• $\begingroup$ @BigbearZzz No need to rush but if you are really interested Leinsters "Basic Category Theory" is the way to go imo. $\endgroup$ – Stefan Perko Aug 6 '16 at 11:07
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As it's been pointed out in the comments, infimum is such that

$$\inf X \le x \forall x \in X \land (y \le x \forall x \in X \implies y \le \inf X) $$

by definition. Of course $k \le x \forall x \in \emptyset$ for every finite $k$ — then $\inf \emptyset = \infty$!

Conversely, and even more surprisingly, you can state that $\sup \emptyset = - \infty$ by a similar argument, so that nice relationship $\inf X \le \sup X$ doesn't even hold for $\emptyset $

You might want to check the concept of vacuous truth.

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    $\begingroup$ Of course, despite $\inf\emptyset>\sup\emptyset$, for any element $x\in\emptyset$ we have $\inf\emptyset < x$ and $x<\sup\emptyset$. Side remark: I wonder if under these conditions it is valid to combine those inequalities to $\inf\emptyset<x<\sup\emptyset$; the latter seems to include the claim that $\inf\emptyset<\sup\emptyset$ which clearly is wrong. $\endgroup$ – celtschk Aug 6 '16 at 9:27
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    $\begingroup$ @celtschk there is a certain risk of confusion in writing it that way, yet strictly I'd say that $a< b < c $ is nothing but short for $a< b$ and $b <c$. There are also arguments that show non-existence by coming to an "impossible" chain of inequalities, so such things are used. $\endgroup$ – quid Aug 6 '16 at 9:34
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    $\begingroup$ @quid: Actually thinking more about it, the full statement is actually: $\forall x: x\in\emptyset \implies \inf\emptyset<x<\sup\emptyset$ and thus is doesn't matter if $\inf\emptyset<\sup\emptyset$ is included in the chain, as the statement $\forall x: x\in\emptyset \implies \inf\emptyset<\sup\emptyset$ is vacuously true. $\endgroup$ – celtschk Aug 6 '16 at 9:54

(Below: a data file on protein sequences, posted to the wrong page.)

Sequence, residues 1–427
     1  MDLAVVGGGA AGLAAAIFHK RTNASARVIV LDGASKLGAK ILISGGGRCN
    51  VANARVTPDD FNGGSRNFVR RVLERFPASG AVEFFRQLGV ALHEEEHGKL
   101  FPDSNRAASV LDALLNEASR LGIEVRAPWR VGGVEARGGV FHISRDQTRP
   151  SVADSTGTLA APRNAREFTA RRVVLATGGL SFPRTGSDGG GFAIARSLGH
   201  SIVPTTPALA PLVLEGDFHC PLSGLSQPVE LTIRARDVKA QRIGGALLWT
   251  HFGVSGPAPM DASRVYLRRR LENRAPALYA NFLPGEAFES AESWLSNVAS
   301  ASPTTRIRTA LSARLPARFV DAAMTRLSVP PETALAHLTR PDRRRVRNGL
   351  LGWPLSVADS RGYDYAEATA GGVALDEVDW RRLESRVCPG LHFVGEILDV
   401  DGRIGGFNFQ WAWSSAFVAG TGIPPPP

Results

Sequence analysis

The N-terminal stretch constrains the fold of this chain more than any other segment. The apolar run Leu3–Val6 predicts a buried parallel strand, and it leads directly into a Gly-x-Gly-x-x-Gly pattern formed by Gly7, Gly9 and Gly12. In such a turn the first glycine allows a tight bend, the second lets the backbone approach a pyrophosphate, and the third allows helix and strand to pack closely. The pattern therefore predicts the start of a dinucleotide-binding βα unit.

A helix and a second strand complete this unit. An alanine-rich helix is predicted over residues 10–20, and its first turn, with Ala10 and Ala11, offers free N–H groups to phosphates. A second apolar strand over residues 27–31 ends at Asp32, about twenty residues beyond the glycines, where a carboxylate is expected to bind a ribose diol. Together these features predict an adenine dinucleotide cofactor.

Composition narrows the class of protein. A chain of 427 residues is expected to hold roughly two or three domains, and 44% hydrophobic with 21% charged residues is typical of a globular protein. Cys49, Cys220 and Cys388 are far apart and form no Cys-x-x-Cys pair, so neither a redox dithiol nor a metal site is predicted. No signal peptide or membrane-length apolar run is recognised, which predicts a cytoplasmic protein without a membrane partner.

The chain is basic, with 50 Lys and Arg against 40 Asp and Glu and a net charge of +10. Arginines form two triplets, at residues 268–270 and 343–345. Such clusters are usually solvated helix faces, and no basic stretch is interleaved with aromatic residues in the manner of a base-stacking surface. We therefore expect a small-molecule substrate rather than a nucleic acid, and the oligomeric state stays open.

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A subset $S$, of the real numbers, is bounded when there exists some real number $M$ such that $|x| \le M$ for all $x \in S$.

(The same for bounded from above and bounded from below separately.)

According to this definition the empty set is bounded. You can chose $M$ whatever you like. The assertion is true, it is vacuously true.

Further more, every real number is an upper bound an every real number is a lower bound, e.g., $26$ is a lower bound and $-45$ an upper bound of the empty set.

To resolve the paradox one needs to note that for $m$ a lower and $M$ and upper bound of some set $S$, one can conclude that $m \le M$ provided that $S$ is non-empty.

One needs some element in $S$ to make the obvious argument work. (For any $s \in S$, we have $m \le s$ and $s \le M$. Thus $m \le M$.)

A takeway is that vacuous truth can have some counterintuitive consequence.